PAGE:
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Opinion

Paul McNamee: We are the Universal Credit safety net

We’re here so long as any individual vendor needs us

Did it come from space? Was it the message in those 13 radio pulses from halfway across the universe?

How else do we explain the governmental change in Universal Credit provision that came in a big welcome wave last week?

First came a pause in rollout, putting the brakes on a further three million people moving to UC and instead looking at a pilot scheme covering 10,000.

It could be argued that a pilot scheme has been undertaken using the hundreds of thousands already on Universal Credit. The mess wrought by the five-week delay in payment enforced for new claimants patently proves the delay is a punitive one. But that is moot. Millions more people are not going to be immediately clobbered.

Then there was the reversal of a benefits cap on families with more than two children. And finally a High Court judgement ruled that the assessment method was wrongly interpreted by the government, costing claimants dear.

Amber Rudd, the Work and Pensions Secretary, said she was looking to make the system “compassionate and fair”, not words we are used to hearing from her predecessor Esther McVey.

We’re seeing people at the sharp end, people previously in work who were made redundant, suddenly thrown into poverty without an immediate safety net

Whether from space or from Rudd, and if from Rudd whether this is a change brought by conviction and not early manoeuvres in a leadership bid, it doesn’t matter. This is positive.

At The Big Issue, we know that the aim of Universal Credit, at the beginning anyway, was not bad. It was a means of simplifying a, frequently, Byzantine benefits system.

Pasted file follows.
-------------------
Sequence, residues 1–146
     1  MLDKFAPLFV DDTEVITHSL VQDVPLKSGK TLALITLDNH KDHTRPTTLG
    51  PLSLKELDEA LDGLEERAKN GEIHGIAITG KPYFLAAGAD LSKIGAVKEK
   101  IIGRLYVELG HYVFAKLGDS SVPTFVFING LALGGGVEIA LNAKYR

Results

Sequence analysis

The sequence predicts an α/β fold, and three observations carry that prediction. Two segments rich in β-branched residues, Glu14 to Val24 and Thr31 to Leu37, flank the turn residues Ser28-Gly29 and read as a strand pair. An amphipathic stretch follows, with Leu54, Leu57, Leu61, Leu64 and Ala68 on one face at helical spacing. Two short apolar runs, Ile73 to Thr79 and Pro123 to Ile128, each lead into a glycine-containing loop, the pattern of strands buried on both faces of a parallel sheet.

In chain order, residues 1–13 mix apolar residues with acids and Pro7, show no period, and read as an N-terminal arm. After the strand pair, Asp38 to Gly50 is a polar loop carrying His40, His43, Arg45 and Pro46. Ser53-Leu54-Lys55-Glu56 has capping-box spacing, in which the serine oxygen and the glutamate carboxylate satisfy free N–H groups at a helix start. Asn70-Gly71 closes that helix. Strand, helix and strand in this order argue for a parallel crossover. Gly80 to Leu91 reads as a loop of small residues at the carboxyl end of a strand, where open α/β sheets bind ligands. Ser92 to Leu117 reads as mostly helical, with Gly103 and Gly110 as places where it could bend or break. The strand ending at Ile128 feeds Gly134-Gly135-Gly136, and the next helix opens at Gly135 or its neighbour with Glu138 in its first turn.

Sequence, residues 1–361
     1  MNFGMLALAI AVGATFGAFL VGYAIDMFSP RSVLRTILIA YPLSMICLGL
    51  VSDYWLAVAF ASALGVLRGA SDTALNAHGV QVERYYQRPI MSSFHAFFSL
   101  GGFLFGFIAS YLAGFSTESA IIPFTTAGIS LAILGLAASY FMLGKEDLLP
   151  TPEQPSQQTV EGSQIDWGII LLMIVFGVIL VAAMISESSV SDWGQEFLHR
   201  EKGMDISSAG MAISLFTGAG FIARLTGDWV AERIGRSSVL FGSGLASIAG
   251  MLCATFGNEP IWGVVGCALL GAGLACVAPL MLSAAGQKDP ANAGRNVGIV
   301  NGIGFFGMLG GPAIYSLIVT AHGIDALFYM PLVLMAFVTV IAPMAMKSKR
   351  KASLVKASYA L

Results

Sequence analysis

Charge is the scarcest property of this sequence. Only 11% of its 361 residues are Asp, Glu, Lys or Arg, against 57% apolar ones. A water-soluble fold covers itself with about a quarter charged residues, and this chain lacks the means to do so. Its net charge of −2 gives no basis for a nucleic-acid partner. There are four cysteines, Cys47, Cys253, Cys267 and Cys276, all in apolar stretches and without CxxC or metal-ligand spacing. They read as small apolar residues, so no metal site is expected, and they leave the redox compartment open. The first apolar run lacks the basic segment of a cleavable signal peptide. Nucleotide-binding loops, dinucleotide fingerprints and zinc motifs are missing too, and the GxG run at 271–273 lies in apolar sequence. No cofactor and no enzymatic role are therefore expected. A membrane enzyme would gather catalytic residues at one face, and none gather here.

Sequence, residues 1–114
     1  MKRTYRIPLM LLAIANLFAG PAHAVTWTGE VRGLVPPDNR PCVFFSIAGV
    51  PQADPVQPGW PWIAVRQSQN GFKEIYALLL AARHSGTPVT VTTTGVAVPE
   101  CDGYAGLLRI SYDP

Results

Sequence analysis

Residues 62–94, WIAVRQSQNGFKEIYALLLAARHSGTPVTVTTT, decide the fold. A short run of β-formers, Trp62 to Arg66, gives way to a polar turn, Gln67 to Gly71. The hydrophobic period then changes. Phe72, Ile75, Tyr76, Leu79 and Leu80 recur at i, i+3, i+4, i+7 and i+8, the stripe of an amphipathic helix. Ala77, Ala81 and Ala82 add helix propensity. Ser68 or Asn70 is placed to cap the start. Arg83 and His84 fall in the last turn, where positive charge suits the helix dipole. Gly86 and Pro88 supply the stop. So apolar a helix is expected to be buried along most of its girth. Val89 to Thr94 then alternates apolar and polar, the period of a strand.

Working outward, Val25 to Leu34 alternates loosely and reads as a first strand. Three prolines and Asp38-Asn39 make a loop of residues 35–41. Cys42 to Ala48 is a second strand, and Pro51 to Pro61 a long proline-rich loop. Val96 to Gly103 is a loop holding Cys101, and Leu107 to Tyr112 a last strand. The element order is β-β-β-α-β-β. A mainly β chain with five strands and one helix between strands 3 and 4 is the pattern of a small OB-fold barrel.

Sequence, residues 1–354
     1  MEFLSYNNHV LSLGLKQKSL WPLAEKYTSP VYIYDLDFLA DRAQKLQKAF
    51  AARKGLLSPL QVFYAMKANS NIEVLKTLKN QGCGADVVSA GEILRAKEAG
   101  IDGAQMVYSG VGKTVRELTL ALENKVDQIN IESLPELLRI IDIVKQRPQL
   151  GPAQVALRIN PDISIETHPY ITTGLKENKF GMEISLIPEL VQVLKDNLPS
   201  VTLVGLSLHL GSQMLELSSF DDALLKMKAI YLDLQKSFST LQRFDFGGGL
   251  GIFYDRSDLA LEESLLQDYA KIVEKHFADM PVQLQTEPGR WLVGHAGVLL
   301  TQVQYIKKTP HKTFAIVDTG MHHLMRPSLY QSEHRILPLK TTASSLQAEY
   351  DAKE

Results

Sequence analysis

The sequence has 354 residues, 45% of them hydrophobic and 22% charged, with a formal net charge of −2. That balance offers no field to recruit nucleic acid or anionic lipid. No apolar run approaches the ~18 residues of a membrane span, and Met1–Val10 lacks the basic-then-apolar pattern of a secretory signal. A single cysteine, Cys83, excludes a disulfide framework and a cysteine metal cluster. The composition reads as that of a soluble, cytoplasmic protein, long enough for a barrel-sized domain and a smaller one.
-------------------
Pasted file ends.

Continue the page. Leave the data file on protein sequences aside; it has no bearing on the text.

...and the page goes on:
However, it became quickly politicised as part of a punishing austerity project, and therefore toxic. And we’re seeing people at the sharp end, people previously in work who were made redundant, suddenly thrown into poverty without an immediate safety net.

People like last week’s cover star Ann Warke from Exeter. The Big Issue offers a means to earn. We are the Universal Credit safety net – the poverty backstop.

And unlike that other contentious backstop frequently discussed at the moment, we’re not setting a timetable for withdrawal. We’re here so long as any individual vendor needs us.

Incidentally, there is another message that the radio pulses from deep, deep space may have been delivering. Eat more fibre.

Aliens, clearly, have noticed the growing noise and fury in the Brexit debate and decided that this is caused by too many people being, frankly, backed up. So, to make us calmer they’re keeping us intergalatically regular.

You may scoff at this. However, in terms of both alien radio signals and the Brexit debate it makes as much sense as anything else that has been said.

I’m away to have a Weetabix.

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